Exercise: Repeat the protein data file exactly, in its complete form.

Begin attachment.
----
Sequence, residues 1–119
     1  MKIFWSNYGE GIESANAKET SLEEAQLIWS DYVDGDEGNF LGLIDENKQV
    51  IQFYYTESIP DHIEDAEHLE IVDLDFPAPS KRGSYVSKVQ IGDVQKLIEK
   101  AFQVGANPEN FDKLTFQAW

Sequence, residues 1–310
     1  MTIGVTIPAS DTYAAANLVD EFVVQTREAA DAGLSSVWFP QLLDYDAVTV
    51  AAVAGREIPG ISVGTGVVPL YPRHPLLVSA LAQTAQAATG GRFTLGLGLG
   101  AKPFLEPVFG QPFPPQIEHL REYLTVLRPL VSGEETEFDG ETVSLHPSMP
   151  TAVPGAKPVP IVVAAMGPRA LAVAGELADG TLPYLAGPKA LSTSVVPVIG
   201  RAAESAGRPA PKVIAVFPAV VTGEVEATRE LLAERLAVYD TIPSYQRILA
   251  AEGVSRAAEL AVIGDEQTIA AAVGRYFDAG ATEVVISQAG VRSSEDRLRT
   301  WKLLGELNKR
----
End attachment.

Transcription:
Sequence, residues 1–119
     1  MKIFWSNYGE GIESANAKET SLEEAQLIWS DYVDGDEGNF LGLIDENKQV
    51  IQFYYTESIP DHIEDAEHLE IVDLDFPAPS KRGSYVSKVQ IGDVQKLIEK
   101  AFQVGANPEN FDKLTFQAW

Sequence, residues 1–310
     1  MTIGVTIPAS DTYAAANLVD EFVVQTREAA DAGLSSVWFP QLLDYDAVTV
    51  AAVAGREIPG ISVGTGVVPL YPRHPLLVSA LAQTAQAATG GRFTLGLGLG
   101  AKPFLEPVFG QPFPPQIEHL REYLTVLRPL VSGEETEFDG ETVSLHPSMP
   151  TAVPGAKPVP IVVAAMGPRA LAVAGELADG TLPYLAGPKA LSTSVVPVIG
   201  RAAESAGRPA PKVIAVFPAV VTGEVEATRE LLAERLAVYD TIPSYQRILA
   251  AEGVSRAAEL AVIGDEQTIA AAVGRYFDAG ATEVVISQAG VRSSEDRLRT
   301  WKLLGELNKR